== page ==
Instrumentation: Shofar (Yemenite style, Eb pitch), 3 hrns, 2 trpts, 2 trmbs, timpani
Commission: Pittsburgh Jewish Music Festival and Jewish Music Commission of LA
Katz Theatre, Jewish Community Center, Pittsburgh, PA
Teruah, meaning joyous shout, is the title of my piece for shofar, brass ensemble and timpani. Co-commissioned by the Pittsburgh Jewish Music Festival and the Jewish Music Commission of Los Angeles, Teruah celebrates the holiday of Rosh HaShanah. The piece includes the major shofar calls associated with the holiday: the Teruah, a series of nine very short blasts; the Shevarim, which is a group of three broken blasts, the Tekiah, which is one long blast; and the Tekiah Gedolah, an especially long blast. Here I use these sounds, and the brass ensemble and timpani respond to them, taking up the joyous shout.
I have also drawn on a beautiful Rosh HaShanah melody, composed by Avraham Tzvi Kubowitzki, my husband Michael Kubovy’s paternal grandfather. The melody’s words are part of the Rosh HaShanah service relating to the blowing of the shofar. The words express the hope that the Lord will “understand and listen, look at and pay attention to” our plea. Mr. Kubowitzki immigrated from a shtetl in Lithuania to Brussels, where he was a cantor. He composed many songs that were sung by his sons, and some were passed on to his grandchildren who heard and remembered them. I’m grateful to Michael for sharing this one, and dedicate the piece to him and his family. I also wish to thank Ron Schneider of the Pittsburgh Symphony for his excellent editorial suggestions.–JS
“…performer Ronald Schneider played the viusally more spectacular impala horn, which only lent to the grandeur of Judith Shatin’s Teruah, a premiere commissioned by the festival and the Jewish Muic Commission of Los Angeles. Similar to her fascinating chamber work, Elijah’s Chariot, which can be heard at the festival concert Tuesday, the Charlottesville, VA-based Shatin wonderfully used the other instruments in Teruah to extend the essence of the shofar.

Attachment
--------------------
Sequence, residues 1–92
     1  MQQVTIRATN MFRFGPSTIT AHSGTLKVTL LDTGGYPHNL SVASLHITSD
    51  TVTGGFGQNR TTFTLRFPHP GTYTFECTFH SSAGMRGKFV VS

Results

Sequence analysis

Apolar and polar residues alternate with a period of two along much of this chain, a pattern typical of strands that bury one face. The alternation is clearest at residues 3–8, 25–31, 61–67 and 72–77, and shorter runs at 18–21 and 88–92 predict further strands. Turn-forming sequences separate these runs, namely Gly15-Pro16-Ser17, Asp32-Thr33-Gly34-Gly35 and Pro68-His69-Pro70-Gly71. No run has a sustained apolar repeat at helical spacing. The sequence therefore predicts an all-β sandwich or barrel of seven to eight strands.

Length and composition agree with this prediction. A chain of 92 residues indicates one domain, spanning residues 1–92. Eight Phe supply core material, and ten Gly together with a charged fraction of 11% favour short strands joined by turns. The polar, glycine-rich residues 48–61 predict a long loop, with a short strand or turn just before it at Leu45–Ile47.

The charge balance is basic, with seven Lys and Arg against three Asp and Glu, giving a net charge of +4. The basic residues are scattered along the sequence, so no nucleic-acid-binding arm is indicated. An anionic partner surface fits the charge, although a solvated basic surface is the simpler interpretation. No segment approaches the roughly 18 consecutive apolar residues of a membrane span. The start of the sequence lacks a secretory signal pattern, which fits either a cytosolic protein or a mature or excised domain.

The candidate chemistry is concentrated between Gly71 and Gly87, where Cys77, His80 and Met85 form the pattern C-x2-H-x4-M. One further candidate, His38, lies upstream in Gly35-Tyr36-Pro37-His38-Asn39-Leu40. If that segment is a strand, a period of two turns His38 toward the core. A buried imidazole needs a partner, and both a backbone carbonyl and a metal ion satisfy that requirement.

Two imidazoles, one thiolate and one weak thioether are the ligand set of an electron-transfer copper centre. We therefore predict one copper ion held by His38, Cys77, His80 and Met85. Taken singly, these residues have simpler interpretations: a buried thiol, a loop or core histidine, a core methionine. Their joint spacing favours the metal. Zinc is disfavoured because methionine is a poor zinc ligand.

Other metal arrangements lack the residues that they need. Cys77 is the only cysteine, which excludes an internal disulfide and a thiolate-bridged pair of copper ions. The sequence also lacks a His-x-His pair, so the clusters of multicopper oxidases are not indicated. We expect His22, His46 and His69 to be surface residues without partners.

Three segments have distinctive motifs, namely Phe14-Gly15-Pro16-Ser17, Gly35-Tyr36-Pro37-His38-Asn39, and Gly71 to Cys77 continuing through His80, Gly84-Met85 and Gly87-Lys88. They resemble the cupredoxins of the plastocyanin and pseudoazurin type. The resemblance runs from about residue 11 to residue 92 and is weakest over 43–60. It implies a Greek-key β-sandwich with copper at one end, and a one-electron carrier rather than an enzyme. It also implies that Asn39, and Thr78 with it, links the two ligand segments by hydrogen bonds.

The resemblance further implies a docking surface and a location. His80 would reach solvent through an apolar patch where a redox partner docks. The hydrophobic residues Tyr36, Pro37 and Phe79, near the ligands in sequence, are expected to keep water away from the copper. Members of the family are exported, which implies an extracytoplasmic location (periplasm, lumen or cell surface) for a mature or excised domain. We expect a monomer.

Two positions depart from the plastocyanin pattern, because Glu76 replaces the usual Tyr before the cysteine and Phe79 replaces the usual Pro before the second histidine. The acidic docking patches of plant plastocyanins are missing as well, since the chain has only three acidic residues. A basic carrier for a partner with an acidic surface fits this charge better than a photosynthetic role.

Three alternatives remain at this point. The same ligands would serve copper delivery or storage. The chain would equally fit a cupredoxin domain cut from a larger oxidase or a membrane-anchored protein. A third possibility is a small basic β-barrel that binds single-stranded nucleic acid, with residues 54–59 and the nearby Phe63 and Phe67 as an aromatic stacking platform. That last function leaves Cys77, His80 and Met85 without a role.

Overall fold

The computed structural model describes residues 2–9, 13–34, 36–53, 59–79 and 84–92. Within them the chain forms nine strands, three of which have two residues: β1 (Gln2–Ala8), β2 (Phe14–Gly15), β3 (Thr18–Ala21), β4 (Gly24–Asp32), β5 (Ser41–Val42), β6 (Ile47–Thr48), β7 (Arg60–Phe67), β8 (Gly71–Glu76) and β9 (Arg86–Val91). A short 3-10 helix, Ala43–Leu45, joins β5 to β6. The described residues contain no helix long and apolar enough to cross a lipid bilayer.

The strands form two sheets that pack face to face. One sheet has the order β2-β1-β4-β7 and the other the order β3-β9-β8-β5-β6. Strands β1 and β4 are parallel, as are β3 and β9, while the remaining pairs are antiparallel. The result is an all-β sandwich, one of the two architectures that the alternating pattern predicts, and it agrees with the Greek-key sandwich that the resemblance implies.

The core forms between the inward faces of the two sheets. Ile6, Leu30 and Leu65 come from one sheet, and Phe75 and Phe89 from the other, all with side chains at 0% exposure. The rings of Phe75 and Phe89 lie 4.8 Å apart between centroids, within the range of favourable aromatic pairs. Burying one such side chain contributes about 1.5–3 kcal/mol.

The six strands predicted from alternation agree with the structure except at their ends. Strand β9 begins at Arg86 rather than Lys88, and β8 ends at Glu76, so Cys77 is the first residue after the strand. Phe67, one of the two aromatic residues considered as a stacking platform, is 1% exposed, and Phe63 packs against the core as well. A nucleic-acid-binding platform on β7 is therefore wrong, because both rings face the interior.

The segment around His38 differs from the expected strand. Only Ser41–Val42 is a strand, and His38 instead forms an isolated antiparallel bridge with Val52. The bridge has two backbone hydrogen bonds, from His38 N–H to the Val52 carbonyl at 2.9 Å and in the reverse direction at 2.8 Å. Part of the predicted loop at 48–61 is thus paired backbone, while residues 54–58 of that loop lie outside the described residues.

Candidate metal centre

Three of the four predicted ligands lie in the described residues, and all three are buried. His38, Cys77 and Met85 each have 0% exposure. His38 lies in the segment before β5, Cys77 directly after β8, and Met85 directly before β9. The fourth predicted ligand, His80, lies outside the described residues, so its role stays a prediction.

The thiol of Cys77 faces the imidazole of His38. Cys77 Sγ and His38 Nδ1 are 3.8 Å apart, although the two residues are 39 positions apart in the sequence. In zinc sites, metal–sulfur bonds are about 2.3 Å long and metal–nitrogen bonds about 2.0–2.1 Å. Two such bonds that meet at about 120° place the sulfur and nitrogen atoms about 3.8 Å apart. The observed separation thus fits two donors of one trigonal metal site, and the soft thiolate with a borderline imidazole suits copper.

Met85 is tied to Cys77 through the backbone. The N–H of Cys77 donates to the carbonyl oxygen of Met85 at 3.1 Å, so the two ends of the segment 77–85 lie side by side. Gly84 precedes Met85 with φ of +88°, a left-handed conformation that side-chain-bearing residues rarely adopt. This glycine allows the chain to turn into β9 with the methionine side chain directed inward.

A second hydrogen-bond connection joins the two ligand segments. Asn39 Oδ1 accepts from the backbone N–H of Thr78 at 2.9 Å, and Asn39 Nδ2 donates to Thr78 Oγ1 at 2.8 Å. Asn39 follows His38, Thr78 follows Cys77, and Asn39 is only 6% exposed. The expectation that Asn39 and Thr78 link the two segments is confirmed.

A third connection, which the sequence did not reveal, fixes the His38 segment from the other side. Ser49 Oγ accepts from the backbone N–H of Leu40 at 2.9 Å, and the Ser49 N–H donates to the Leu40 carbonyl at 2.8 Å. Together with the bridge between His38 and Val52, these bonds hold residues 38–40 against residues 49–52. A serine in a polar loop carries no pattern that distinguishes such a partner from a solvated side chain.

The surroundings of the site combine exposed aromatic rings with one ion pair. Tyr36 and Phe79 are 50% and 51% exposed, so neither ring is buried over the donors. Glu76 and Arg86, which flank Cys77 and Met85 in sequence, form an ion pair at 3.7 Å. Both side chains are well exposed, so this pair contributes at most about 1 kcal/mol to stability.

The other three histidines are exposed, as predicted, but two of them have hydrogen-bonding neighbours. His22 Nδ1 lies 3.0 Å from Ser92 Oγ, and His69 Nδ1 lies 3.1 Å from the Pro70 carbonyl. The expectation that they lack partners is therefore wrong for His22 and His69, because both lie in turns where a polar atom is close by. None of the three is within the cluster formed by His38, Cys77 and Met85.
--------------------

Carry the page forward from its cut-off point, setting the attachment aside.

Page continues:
In this case, she did so with a small collection of brass and timpani. After an opening round of stout tekiah blasts by Schneider, the brass played a dark, dissonant and gritty chord, infused with flutter tonguing, creating a musical metaphor for how the shofar has inspired worshippers during the High Holidays for centuries. A gorgeous Rosh Hashanah melody that emerged in the horns only drove that further, serving as the emotional response to the sound.
The piece ended with an impressively long tekiah gedolah by Schneider, but in between it was much more than a fanfare. Shatin… is a thoughtful and inventive composer who doesn’t write in an academic, rebarbative style. Her music pulls one in with artistic embrace.”
“The world premiere of Judith Shatin’s Teruah opened the Pittsburgh Jewish Music Festival Wednesday on a high note that the concert maintained to its conclusion.
Shatin’s imaginative composition set the shofar’s music in the context of arresting brass and timpani commentary that evoked the conflicts of Israel’s recent and ancient history. Symphony hornist Ron Schneider produced a stunningly big and rounded sound on the shofar, playing the short motifs that are heard at High Holy Days religious services.”–JS